Miners’ release demanded
Lawyers are threatening court action against President Jacob Zuma unless 270 miners, charged with murdering 34 colleagues shot dead by police, are released this weekend. Prosecutors charged the workers on Thursday, based on a rule used by the former apartheid regime, in connection with the deaths two weeks ago at a platinum mine. Funerals are due to be held on Saturday for many of the workers killed at the Marikana mine, which lies outside Rustenburg, northwest of Johannesburg. On Friday, the justice minister demanded that the prosecutors explain why the arrested miners had been charged with murdering their colleagues, a move widely denounced by legal experts.
Thalidomide firm apologizes
The German firm that made thalidomide has issued its first apology in 50 years to the thousands born disabled as a result of the drug’s use, drawing stinging criticism from advocates for some survivors. Grunenthal chief executive Harald Stock said in a speech on Friday his firm was “very sorry” for its silence toward the victims of the drug, which was sold to pregnant women to cure morning sickness in the 1950s and early 1960s. An estimated 10,000 children worldwide were born with defects — including missing limbs — after their mothers took thalidomide, which was sold in nearly 50 countries before being pulled from the market in 1961.
Armenia breaks ties
Armenia broke off diplomatic ties with the country after an Azerbaijani military officer sentenced to life in prison in Budapest for killing an Armenian officer was sent back to his homeland on Friday and, despite assurances, immediately pardoned and freed. Lieutenant Ramil Safarov was given a life sentence in 2006 by the Budapest City Court after he confessed to killing Lieutenant Gurgen Markarian of Armenia while both were in Hungary for a 2004 NATO language course. Azerbaijan and Armenia are ex-Soviet neighbors who have been locked in a long-standing conflict over the mountainous territory of Nagorno-Karabakh.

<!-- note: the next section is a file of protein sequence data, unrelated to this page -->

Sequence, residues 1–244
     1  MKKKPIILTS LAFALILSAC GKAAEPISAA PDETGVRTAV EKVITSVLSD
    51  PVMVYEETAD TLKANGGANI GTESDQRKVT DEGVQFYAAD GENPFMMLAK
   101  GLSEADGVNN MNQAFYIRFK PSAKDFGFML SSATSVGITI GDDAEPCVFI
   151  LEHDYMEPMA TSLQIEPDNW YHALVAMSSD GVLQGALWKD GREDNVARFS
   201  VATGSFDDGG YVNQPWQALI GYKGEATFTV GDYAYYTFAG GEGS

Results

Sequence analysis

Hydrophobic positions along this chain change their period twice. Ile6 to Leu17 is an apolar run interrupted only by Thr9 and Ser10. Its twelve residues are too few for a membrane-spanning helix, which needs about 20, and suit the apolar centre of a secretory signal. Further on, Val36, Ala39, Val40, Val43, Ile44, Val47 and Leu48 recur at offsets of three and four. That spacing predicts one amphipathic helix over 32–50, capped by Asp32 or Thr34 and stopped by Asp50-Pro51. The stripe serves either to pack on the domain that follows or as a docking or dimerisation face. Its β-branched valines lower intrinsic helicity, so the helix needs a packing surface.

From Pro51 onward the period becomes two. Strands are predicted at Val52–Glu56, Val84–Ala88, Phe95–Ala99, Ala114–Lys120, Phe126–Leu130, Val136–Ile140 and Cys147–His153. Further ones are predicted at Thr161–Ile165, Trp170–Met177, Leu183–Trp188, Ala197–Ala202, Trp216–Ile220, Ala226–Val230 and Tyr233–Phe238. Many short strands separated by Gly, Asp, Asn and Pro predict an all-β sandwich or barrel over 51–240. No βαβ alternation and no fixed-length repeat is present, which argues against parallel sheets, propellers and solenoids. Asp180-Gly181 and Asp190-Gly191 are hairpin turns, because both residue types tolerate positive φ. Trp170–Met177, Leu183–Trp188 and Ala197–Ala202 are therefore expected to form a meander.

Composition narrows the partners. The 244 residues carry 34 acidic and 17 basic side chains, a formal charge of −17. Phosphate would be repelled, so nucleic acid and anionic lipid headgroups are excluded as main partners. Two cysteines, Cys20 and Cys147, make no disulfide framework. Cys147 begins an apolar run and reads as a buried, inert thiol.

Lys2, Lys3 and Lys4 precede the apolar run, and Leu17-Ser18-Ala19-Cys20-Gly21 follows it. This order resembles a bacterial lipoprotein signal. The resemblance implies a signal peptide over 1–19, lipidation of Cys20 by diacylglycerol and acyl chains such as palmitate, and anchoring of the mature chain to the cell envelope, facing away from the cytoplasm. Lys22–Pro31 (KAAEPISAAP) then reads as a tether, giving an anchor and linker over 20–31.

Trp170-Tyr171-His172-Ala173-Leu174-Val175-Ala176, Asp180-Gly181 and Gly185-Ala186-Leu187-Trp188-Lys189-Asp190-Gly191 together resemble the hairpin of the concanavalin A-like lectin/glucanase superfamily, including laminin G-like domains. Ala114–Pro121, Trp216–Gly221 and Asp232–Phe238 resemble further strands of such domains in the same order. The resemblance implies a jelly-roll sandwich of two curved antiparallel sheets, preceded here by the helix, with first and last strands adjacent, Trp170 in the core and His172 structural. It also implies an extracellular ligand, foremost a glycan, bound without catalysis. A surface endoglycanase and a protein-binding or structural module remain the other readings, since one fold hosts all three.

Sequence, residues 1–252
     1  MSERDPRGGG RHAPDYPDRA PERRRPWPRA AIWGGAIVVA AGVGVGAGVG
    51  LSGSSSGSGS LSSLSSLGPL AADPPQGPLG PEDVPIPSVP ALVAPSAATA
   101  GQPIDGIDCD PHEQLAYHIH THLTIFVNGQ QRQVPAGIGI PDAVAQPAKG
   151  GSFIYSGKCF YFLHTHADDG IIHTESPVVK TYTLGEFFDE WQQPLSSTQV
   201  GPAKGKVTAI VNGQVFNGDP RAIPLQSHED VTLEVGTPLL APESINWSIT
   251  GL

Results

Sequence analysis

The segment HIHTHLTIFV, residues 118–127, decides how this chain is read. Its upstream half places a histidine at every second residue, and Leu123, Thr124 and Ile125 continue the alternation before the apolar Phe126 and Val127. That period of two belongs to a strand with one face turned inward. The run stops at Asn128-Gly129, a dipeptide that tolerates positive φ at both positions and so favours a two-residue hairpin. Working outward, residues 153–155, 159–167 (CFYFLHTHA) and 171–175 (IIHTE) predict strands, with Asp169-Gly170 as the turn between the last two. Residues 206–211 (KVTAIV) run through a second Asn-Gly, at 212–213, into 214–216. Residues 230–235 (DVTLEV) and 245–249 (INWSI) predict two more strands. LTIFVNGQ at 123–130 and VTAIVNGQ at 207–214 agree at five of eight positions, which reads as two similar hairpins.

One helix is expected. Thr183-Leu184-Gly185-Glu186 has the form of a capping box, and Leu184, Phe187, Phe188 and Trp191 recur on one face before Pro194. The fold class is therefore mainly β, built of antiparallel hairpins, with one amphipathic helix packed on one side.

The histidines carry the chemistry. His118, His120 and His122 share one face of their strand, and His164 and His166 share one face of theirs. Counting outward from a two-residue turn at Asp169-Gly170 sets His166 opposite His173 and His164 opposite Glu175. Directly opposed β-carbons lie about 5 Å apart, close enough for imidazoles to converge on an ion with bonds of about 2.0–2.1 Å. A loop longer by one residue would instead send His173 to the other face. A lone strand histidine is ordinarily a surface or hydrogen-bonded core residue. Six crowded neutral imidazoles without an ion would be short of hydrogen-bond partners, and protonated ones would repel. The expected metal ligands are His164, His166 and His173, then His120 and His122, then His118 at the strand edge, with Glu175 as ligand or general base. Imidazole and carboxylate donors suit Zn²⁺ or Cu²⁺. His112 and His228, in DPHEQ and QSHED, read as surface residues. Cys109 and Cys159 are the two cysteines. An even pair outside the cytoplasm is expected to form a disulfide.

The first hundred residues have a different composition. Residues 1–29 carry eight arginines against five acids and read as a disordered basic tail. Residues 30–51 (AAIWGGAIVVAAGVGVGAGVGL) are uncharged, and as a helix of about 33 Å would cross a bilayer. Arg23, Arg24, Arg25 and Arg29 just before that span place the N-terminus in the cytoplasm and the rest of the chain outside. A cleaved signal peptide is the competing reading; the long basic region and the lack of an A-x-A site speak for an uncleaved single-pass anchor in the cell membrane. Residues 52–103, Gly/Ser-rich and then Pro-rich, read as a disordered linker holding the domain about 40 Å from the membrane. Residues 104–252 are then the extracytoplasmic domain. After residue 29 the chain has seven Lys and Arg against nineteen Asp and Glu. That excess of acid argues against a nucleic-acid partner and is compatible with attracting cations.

Strauss-Kahn film planned
The disgraced power couple of former IMF managing director Dominique Strauss-Kahn and Anne Sinclair will be played by two of France’s best-known actors, Gerard Depardieu and Isabelle Adjani, in an upcoming movie about sex, politics and love on the rocks. Rape charges in New York, later dropped, against Strauss-Kahn in May last year shocked the world and shattered the reputation of the former IMF head, costing him his job and his marriage to Sinclair, a popular TV journalist. “It should be fascinating because we have a director who isn’t French in charge and he’s going to go where it hurts,” Adjani said in a recent interview with the weekly Journal de Dimanche, speaking of US director Abel Ferrara. Sinclair — who separated from Strauss-Kahn earlier this year and is thriving in a new job as a news editor of the Huffington Post’s French edition — responded: “I’m doing very well, thank you,” when asked how her life has been since the split. Strauss Kahn, however, is said by people who know him to be dejected and frustrated following his fall from grace. He has kept a low profile in the past year, but is currently the target of a French judicial investigation to determine whether he knew sex parties he attended were organized by pimps and frequented by prostitutes.